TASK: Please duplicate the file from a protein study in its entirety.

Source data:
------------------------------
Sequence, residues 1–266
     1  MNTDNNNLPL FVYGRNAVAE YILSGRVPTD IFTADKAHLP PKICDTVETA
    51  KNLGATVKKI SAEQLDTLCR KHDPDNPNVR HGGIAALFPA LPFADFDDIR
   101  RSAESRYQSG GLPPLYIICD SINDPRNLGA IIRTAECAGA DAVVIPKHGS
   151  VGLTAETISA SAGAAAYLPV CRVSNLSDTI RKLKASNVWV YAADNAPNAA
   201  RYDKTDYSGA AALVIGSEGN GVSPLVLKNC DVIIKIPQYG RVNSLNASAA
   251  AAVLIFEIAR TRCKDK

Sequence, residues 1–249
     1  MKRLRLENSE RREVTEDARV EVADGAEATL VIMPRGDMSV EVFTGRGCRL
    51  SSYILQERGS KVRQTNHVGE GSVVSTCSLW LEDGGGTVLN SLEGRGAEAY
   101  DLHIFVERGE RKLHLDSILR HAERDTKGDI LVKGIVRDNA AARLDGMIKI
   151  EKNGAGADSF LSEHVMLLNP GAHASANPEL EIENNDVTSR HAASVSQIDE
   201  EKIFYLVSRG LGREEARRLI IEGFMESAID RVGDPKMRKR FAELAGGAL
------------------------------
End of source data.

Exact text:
Sequence, residues 1–266
     1  MNTDNNNLPL FVYGRNAVAE YILSGRVPTD IFTADKAHLP PKICDTVETA
    51  KNLGATVKKI SAEQLDTLCR KHDPDNPNVR HGGIAALFPA LPFADFDDIR
   101  RSAESRYQSG GLPPLYIICD SINDPRNLGA IIRTAECAGA DAVVIPKHGS
   151  VGLTAETISA SAGAAAYLPV CRVSNLSDTI RKLKASNVWV YAADNAPNAA
   201  RYDKTDYSGA AALVIGSEGN GVSPLVLKNC DVIIKIPQYG RVNSLNASAA
   251  AAVLIFEIAR TRCKDK

Sequence, residues 1–249
     1  MKRLRLENSE RREVTEDARV EVADGAEATL VIMPRGDMSV EVFTGRGCRL
    51  SSYILQERGS KVRQTNHVGE GSVVSTCSLW LEDGGGTVLN SLEGRGAEAY
   101  DLHIFVERGE RKLHLDSILR HAERDTKGDI LVKGIVRDNA AARLDGMIKI
   151  EKNGAGADSF LSEHVMLLNP GAHASANPEL EIENNDVTSR HAASVSQIDE
   201  EKIFYLVSRG LGREEARRLI IEGFMESAID RVGDPKMRKR FAELAGGAL